Once you’re finally in your new home, and have your new bank account set up, you should still expect surprises from Canada. Mr. Lyng was settled in the suburbs of Paris, and every month arranged to transfer a few thousand dollars from Canada to France for living expenses. Until one day he couldn’t.

“For about one year I was able to do wire transfers, I was able to call the branch manager at the TD branch and they would do it. Until about three years ago when they said ‘we have new security precautions … if you want to do a wire transfer you need to come into the branch in person.’”

When Mr. Lyng explained that spending thousands of dollars to fly to Canada and stay in a hotel made no sense, the bank suggested that he write himself a cheque on his TD account and deposit that in France. According to Mr. Lyng, the cheque bounced when TD claimed there were no funds in his account to honour it.

Since then, Mr. Lyng has done what many other Canadians in Europe do. He relies on a money-transfer company to move funds out of his bank account and into his French one. Companies such as Wise and TorFX can make this easier, and often also offer better exchange rates and lower service charges than the Canadian banks.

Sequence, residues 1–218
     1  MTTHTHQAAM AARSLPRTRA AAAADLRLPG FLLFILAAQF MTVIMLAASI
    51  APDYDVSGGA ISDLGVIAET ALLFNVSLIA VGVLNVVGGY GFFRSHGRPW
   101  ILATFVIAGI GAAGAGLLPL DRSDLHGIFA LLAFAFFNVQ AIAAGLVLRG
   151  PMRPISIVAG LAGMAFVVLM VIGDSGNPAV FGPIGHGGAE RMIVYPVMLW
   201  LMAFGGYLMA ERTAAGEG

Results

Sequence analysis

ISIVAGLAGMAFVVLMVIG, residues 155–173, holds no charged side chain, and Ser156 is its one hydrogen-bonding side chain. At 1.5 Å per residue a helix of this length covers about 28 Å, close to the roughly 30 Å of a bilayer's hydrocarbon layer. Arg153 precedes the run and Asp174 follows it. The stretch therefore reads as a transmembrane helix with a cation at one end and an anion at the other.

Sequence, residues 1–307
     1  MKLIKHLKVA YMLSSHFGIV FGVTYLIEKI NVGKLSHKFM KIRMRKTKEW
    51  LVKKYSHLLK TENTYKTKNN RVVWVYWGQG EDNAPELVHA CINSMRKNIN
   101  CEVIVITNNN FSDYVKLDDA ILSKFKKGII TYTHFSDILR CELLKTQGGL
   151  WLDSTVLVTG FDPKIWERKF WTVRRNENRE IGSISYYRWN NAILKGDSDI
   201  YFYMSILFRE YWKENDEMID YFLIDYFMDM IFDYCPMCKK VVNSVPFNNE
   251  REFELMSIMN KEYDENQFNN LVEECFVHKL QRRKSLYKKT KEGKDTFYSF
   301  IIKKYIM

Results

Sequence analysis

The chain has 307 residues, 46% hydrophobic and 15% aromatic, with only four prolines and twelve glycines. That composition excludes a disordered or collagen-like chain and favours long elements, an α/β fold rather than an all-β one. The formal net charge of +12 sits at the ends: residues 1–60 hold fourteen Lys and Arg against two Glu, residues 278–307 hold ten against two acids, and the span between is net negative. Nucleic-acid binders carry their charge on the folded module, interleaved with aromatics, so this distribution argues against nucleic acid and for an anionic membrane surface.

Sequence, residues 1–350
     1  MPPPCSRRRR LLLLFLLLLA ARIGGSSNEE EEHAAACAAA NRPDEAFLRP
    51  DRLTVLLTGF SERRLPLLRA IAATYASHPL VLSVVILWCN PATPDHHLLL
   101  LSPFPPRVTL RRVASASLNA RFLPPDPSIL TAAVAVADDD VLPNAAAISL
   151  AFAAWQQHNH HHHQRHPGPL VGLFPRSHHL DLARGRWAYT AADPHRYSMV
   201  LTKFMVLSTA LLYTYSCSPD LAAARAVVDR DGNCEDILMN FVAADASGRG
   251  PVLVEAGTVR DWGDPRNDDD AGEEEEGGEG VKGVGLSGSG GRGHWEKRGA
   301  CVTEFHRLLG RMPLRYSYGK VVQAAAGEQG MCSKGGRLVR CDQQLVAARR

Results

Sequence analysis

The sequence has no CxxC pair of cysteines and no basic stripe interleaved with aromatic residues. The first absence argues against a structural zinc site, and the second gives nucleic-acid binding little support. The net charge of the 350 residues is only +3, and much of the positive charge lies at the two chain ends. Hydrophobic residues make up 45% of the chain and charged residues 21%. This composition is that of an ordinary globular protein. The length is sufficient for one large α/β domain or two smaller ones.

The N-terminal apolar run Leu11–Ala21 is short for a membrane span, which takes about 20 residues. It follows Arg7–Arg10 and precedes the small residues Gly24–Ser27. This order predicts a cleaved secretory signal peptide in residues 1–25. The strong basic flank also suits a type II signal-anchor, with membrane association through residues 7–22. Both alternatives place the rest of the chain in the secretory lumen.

Sharon Anne Kean, is senior director of global expansion at Wise, one of the leaders in global money transfer services, and one of the companies frequently recommended on the Canadians in France Facebook group. Ms. Kean’s advice echoes that of Vancity’s Mr. Reid: Start planning early, especially if you need to move large amounts for a home purchase. Like the banks, she says Wise takes security seriously. That means making sure the sender is who they say they are, “but then also doing a check on where you’re sending money to, such as a sales agreement for your new home, or something that verifies that the money is going to a good place.”

Ms. Kean also encourages customers to do their homework. In particular, understand that the “best exchange rate” quoted by your bank may include hidden fees that make it less attractive than what Wise might charge. “That’s a massive revenue stream for most banks. That’s why our rates appear to be more competitive.” Ms. Kean says that both their consumer and corporate customers also appreciate that Wise moves money much faster than the big banks.